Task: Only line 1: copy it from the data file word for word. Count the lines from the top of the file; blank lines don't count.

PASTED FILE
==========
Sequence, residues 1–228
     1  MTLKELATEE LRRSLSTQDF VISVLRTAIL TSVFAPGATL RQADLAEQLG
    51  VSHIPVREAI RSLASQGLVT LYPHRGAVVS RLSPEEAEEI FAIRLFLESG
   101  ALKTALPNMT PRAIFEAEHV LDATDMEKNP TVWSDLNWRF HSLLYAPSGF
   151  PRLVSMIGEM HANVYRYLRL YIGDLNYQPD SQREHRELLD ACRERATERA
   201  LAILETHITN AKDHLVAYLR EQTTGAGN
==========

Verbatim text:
Sequence, residues 1–228